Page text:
- Buy the ticket only if you’re going to go all the way to the monastery, as it isn’t needed if you’re going halfway (which a lot of people do). I would suggest to go all the way up because it is spectacular.
- Incase, you can’t walk so much, hire a horse (Nu./Rs. 600-1000) to the halfway point (the most strenuous part of the Paro Taktsang hike) and walk the rest of the way. Easy!
- Most hotels provide sticks (makeshift hiking poles) for the hike. If yours doesn’t then rent one at the base for Nu./Rs. 50. Sticks provide much-needed support during slippery parts of a hike!
- Carry your passport. You will be asked to produce it to prove your nationality.
Hike To The Midway Point
Now that you’ve reached and have your ticket in hand, start the hike! You’ll pass souvenir vendors seated on the ground, who’ll do their best convince you to purchase items from them on the premise of Boni (first sale of the day). However, it goes without saying, skip this for after your trek!
As you clear the trees surrounding the base and parking lot, you’ll catch your first glimpse of the Tiger’s Nest Monastery Bhutan – a tiny speck high above on a cliff face. There is a little stream and waterfall here too!
You’ll walk on wide dirt trail most of the way, which narrows at certain points. Don’t worry it’s not dangerous or scary! It’s completely uphill but very doable.
I was attempting the Paro Taktsang trek on a recovering ankle injury and recovering food poisoned tummy but nothing could stop me from making my way up! 🙂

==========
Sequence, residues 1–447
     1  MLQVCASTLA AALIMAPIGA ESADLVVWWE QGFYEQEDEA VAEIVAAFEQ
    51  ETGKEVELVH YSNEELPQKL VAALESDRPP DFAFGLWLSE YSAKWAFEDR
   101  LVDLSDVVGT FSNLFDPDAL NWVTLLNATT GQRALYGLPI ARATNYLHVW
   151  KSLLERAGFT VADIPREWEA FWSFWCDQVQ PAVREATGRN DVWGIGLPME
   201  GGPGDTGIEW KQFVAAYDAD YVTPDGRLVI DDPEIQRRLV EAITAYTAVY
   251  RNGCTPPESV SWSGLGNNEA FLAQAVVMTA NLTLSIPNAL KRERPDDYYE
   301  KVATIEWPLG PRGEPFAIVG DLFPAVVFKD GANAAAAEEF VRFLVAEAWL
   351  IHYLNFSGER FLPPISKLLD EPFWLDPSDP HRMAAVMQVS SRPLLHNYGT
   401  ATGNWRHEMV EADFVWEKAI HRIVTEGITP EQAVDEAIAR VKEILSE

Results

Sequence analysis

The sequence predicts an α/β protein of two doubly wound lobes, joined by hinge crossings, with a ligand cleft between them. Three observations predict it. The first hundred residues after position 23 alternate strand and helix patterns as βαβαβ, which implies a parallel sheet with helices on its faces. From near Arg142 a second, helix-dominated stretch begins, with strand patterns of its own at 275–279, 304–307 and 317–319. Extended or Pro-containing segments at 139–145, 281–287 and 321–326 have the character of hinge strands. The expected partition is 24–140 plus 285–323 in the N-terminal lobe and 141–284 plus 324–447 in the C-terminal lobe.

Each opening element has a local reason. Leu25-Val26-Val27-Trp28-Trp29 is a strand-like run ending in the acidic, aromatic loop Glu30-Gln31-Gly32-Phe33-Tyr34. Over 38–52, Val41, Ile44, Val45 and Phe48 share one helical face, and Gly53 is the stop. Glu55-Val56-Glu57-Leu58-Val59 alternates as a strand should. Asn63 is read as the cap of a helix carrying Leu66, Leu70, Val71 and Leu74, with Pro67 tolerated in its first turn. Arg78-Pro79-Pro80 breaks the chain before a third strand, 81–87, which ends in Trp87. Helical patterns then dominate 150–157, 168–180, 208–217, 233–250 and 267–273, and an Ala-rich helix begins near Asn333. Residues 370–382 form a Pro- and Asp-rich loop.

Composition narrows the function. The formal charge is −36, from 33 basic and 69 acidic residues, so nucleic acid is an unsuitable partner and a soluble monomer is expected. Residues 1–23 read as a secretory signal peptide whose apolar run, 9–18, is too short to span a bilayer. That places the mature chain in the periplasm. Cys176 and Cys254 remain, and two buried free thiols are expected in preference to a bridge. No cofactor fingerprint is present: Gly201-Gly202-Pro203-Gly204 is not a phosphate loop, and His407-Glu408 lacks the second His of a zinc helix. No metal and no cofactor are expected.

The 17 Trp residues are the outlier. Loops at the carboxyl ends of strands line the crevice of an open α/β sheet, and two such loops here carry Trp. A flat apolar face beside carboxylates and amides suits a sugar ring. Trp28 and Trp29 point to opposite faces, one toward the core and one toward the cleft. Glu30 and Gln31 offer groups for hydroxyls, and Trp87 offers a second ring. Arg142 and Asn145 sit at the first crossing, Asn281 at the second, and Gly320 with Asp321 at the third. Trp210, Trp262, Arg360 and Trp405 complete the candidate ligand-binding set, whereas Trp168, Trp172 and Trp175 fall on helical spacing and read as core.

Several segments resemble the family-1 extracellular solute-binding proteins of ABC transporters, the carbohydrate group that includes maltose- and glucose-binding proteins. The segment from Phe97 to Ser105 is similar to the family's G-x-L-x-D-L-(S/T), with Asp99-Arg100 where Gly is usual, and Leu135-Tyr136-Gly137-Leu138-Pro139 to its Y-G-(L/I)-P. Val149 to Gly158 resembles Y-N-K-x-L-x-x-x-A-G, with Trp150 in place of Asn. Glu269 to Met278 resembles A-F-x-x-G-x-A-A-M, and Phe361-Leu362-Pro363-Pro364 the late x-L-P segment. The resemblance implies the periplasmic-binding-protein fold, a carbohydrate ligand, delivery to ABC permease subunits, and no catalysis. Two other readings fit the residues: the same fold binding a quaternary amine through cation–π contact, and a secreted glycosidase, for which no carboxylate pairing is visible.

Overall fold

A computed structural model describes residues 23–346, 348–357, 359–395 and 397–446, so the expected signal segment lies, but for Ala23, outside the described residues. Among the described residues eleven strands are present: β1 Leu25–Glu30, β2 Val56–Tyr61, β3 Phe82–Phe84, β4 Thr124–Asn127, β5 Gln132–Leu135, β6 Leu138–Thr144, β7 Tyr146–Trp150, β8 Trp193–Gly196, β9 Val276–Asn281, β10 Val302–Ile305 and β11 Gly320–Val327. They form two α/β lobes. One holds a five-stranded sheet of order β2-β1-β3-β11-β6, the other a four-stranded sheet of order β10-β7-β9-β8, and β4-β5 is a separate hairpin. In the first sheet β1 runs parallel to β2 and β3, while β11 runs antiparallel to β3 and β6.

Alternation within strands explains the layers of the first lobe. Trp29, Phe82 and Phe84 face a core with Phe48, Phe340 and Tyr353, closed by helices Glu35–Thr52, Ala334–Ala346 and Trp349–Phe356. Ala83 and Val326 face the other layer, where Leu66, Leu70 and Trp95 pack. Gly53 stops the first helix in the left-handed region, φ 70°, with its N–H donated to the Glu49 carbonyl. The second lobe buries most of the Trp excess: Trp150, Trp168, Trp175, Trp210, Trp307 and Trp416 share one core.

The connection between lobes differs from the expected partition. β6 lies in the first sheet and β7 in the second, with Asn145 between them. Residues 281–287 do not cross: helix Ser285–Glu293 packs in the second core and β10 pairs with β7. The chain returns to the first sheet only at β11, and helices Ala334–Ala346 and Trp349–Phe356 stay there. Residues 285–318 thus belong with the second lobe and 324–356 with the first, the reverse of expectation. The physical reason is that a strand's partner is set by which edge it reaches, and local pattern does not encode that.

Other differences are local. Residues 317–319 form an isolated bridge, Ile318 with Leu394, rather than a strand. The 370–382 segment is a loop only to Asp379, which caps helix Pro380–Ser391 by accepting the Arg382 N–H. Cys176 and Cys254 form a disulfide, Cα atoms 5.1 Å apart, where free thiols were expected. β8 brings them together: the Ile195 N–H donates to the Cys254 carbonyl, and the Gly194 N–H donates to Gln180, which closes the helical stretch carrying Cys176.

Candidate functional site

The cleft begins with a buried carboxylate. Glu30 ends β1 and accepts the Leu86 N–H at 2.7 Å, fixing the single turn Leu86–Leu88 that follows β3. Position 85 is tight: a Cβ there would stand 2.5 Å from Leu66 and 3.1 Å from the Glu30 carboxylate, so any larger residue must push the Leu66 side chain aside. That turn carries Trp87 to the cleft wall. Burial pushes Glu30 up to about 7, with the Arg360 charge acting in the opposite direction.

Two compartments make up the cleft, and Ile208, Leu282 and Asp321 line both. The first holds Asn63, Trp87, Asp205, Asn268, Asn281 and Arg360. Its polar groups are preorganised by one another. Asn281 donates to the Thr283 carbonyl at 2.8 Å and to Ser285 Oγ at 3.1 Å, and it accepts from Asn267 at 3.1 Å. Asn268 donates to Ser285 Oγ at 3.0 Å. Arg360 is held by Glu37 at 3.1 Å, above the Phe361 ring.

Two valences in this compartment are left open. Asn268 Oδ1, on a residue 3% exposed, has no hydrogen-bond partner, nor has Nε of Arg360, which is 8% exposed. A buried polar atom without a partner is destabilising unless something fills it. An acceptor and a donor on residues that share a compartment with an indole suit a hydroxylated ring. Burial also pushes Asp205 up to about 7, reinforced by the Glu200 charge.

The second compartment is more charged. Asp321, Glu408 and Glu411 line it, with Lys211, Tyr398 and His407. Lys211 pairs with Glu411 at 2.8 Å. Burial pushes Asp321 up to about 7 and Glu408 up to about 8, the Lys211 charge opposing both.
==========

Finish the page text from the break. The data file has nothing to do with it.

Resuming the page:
You’ll find colourful prayer flags all along and benches in shaded areas for you to rest and recover. It’s quite serene and beautiful!
Don’t miss looking toward the splendid Paro Valley from time to time.
After about an hour or so, you’ll reach the halfway point. It is a flat, wide and open area where you can relax for a bit, spin the prayer wheels, and admire the wonderful view of the monastery while you wait for your travel partners to catch up. You can also grab a bite at the Taktsang cafeteria where you get a full meal buffet, tea, coffee, Maggi and the likes. However, I wouldn’t suggest doing so just yet. You have all the time on the way back!
Here, you can choose to go back or forward!
Hike from the Midway Point
As you get closer to the monastery after the halfway point, the trek gets exciting. Why? You’ll have your eye on the Tiger’s Nest most of the time. Sadly that wasn’t the case for me because it started to snow unexpectedly. But it was an incredible experience nonetheless.
There is one particular point in this part where everyone gets THE picture clicked with the monastery epically clear in the background.
I have pictures here too but misty ones! However, catching glimpses of the monastery when the mist cleared momentarily was very rewarding.
You will then reach the easy part of the Paro Taktsang hike – a downhill walk on a stone staircase – before you eventually cross a bridge lined with prayer flags and make your way up. This climb will be a little demanding as its just a stone staircase all the way to the monastery.